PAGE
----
Homegrown labor represents one opportunity for improvement, said Becca Shaddox, director of STEM at Walmart Tech. She commented from the audience at the council meeting. In her role at Walmart, Shaddox is tasked with “identifying and enabling the next generation of Walmart STEM talent,” according to a LinkedIn page. Though her work, she sees “a huge, diverse population that we aren’t tapping into,” she said.
“They’re not considering staying in NWA for employment.”
Rural school districts, specifically, show room for improvement in the tech education and recruitment realm, Shaddox said, and Webb agreed. Webb said he’s seen a trend in focus on non-tech trades in smaller school districts, and he believes there’s room for expansion to include more tech training, which leads to higher-paying jobs.
“We can’t afford as a state to not provide tech improving jobs and exposure to everyone. That’s the economy we’re trying to raise,” he said.
Education is key, and so is moving beyond “the retail and transportation bubble” of NWA, council members said.
For attracting new talent from elsewhere, one key is rebranding, Webb said. Outside of Arkansas, the region is known for Walmart and not technology. One important step, in Webb’s view, is to wean the region off dependency on the area’s Fortune 500 companies.
Webb sees many startups whose aim is to try to build things Walmart might buy. “It’s great if they buy it, but it’s stymying if they don’t. We can be more than that,” he said. A focus on smart cities, for example, in addition to the innate benefits within the cities, holds potential for the creation of a cottage industry in the area of software and hardware developers, said Webb.
He pointed to the convenience of smart city elements – where sensors were used as tools within infrastructure – in other cities, including a parking slot notification at an airport in San Diego, which let Webb know while he was en route which space was available and let him pay for it ahead of time from his phone. In Hoboken, N.J., the city installed smart trashcans that used machine learning to know how quickly they filled, allowing the city to optimize trash collections and reduce the number of miles traveled by trash trucks on unnecessary trips.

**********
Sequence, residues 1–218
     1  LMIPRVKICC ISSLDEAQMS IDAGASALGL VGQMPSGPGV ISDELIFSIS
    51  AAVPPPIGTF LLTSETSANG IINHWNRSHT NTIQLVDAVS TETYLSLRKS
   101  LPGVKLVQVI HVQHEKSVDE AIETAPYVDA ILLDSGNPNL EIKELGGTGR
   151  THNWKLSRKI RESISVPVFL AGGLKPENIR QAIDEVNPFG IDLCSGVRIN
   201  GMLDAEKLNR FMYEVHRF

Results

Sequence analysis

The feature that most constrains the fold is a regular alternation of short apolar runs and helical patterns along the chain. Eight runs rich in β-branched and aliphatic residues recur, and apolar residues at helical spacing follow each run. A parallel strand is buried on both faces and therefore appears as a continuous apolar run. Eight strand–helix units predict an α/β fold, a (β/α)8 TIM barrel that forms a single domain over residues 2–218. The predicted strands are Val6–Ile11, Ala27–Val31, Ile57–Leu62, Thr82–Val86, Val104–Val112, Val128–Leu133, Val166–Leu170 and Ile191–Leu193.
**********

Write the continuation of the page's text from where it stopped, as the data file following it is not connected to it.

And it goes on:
“They saved a ton of the money,” Webb said, adding an individual who has done work internationally in this realm is looking at NWA as a potential candidate for a “smart region.”
“We have experts that are interested in coming to our community,” Webb said. “I’ve personally been trying to connect the outside world back here, and I haven’t had anyone not be interested yet – regardless of where they are in the world – in wanting to plug into the community here. They don’t want to miss anything. … They see the potential, maybe more so than we do.”
Webb pointed to AR/VR (augmented reality/virtual reality) as another area with potential, as it will become increasingly influential in daily life in the next few years.
“Where do we fit into that? How could our community better plug into that community? What types of startups or enterprise companies do we need to attract?” Webb said. “We can be a part of that. We should be a part of that here.”
From the audience, Andy Martin, founder of Moonlight Games in Bentonville spoke up.
“I think all the focus on AR/VR is kind of trying to run before we can walk,” Martin said.
As a local video game developer, he noted the link between AR/VR and his industry, and he said gaming – projected by the market analyst firm DigiCaptial to bring in $170 billion globally this year – does not get due attention in the region.
Webb spoke to the implications of gamification within a broad range of industries, and he asked the audience what it would take to building out the gaming community in NWA.
“That’s part of what this conversation is all about,” said Debbie Griffin, chief operating officer for the Greater Bentonville Area Chamber of Commerce, which assembled the NWA Tech Council. “We’ve got the people in the room to do that, along with the Chamber of Commerce, which is trying to develop the economy in this area.”